One of Three Veteran Teacher Winners Will Be Selected
Montgomery County Teacher of the Year
Four teachers have won Marian Greenblatt Excellence in Teaching Awards, which recognize teachers for excellence in motivating and educating students. The three Veteran Teacher Award winners now become the finalists for Montgomery County Teacher of the Year. The fourth award is given to a first-year teacher.
Winners of Greenblatt Veteran Teacher Awards are Robert Dahlin, music teacher at Ridgeview Middle School; Catherine Ulicny, science teacher at Paint Branch High School; and Karen Wendel, math content coach at Brookhaven Elementary School. The First-Year Teacher Award goes to Alison Divens, special education teacher at Judith A. Resnik Elementary School.
The teacher selected as Montgomery County Teacher of the Year will be surprised with the announcement at the Fourth Annual Champions for Children Gala on Wednesday, April 19, at the Bethesda North Marriott Hotel & Conference Center. The Montgomery County Business Roundtable for Education (MCBRE) sponsors the event.
The Greenblatt awards began in 1989 to honor Dr. Marian Greenblatt’s service as a member of the Board of Education from 1976-1984.
Robert Dahlin, Ridgeview Middle School
Robert Dahlin has been the catalyst that has created and sustained a world-class music program at Ridgeview Middle School known throughout Montgomery County and Maryland. As the school’s general music teacher since 1997, he is recognized for leading students to reach beyond their own expectations by demanding only the best, setting the bar high, and letting students know he believes they can reach and exceed it. The school’s music groups—including band, orchestra, jazz ensemble, and chamber string ensemble—have consistently earned top scores in music competitions. Dahlin also has sought out opportunities for instrumental groups to perform in the community. In addition to his work with Ridgeview students, he has, for the past three winters, been the sixth grade honors band director for the north county.
Catherine Ulicny, Paint Branch High School
Recognized as an outstanding master science teacher, Catherine Ulicny teaches AP biology, biotechnology, and biology at Paint Branch High School. She has inspired her biology students to take higher-level science courses, requiring the addition of a third AP biology course this year. A teacher at Paint Branch since 1999, Ulicny often is called upon to give presentations at various science conferences and workshops. She has been a major player in developing the High School Assessments and writing curriculum. Previously a nominee for the Greenblatt First-Year Teacher Award, she mentors new teachers, sponsors student teachers, and has assisted in developing and implementing a Small Learning Communities grant from the U.S. Department of Education. Ulicny also coaches the varsity swimming and diving team at the school.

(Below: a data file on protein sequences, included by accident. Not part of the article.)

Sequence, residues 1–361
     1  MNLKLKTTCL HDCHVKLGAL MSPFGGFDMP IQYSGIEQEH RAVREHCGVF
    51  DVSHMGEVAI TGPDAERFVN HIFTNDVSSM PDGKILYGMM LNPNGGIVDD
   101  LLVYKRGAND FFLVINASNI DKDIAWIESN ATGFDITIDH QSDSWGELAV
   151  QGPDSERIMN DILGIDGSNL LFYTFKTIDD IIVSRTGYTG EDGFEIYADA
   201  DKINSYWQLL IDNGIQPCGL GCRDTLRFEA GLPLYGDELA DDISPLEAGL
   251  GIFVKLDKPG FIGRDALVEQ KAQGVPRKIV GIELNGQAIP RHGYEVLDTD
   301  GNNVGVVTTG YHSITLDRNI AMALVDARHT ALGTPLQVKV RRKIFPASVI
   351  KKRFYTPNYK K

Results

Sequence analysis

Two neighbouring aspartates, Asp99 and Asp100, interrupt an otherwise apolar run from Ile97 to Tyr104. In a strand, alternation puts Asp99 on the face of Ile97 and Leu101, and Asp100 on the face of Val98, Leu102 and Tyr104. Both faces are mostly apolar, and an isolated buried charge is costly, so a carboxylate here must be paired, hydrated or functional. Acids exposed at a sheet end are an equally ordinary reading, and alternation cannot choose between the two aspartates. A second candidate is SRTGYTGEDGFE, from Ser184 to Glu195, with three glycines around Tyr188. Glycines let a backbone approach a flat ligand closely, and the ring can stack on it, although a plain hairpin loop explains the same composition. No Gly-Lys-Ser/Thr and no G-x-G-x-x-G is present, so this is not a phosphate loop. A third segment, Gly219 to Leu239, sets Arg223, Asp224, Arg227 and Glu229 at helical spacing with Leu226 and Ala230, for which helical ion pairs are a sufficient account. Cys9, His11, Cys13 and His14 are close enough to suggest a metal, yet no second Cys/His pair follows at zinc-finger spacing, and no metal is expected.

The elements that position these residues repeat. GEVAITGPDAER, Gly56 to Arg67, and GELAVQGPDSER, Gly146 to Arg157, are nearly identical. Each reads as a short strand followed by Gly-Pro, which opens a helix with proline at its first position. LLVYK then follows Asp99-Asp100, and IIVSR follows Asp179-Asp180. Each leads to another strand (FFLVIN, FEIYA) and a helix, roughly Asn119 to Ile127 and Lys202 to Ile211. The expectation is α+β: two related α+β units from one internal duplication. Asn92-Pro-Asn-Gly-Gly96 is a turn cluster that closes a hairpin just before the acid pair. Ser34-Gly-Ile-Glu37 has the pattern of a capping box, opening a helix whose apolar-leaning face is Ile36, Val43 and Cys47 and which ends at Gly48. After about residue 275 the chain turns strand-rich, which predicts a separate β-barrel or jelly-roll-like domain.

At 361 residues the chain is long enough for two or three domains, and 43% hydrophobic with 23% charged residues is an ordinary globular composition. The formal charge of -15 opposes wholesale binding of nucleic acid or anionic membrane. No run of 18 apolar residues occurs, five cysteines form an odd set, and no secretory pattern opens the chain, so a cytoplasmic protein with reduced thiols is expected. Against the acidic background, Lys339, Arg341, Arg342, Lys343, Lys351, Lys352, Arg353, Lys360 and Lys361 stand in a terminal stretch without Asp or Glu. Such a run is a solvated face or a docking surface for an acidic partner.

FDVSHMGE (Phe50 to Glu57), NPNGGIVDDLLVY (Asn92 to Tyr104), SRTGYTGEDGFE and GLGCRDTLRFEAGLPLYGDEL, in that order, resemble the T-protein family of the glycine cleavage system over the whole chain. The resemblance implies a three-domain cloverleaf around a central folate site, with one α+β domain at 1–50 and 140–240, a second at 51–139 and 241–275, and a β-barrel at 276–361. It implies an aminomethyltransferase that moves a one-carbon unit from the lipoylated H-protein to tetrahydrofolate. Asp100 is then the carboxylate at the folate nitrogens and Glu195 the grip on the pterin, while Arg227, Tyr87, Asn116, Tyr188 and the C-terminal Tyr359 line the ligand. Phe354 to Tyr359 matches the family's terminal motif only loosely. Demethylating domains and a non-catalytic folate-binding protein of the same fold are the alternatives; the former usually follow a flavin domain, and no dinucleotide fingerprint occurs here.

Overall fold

Karen Wendel, Brookhaven Elementary School
A math content coach at Brookhaven Elementary School since fall 2004, Karen Wendel is often a magnet for teachers, who gravitate to her for ideas on how to teach content and for materials to enhance instruction. A former first and second grade teacher, Wendel always has ideas to share. For example, her work to provide above-grade-level math to students who were not yet prepared for it resulted in every student who worked with her now taking math at least a full grade above their level in middle school. Last year, the percentage of students meeting MSA standards increased dramatically in third, fourth, and fifth grade, where Wendel worked closely in planning with two first-year teachers. Outside her regular work day, Wendel produces materials to support teachers, such as long-range math plans for each grade level. She also has been active in involving parents in their children’s math education.
Alison Divens, Judith A. Resnik Elementary School
Alison Divens, special education resource teacher at Judith A. Resnik ES, is this year’s First-Year Teacher Award winner. A 2005 graduate of Towson University, she approached her new job with energy and enthusiasm, making herself a resource for both students and staff. Over the summer, Divens taught students with special needs in the extended school year program, and when school began last fall, she had organized the resource room and was ready with materials and strategies to support each student’s goals. She stepped in to get the after-school homework club up and running, volunteered to create math unit review packets for grades 3, 4, and 5 and works with flexible math skill groups in the classroom setting. Divens has shared with her students that she is a marathoner. They understand the hard work and discipline required, and can make the connection to what they must do to be successful.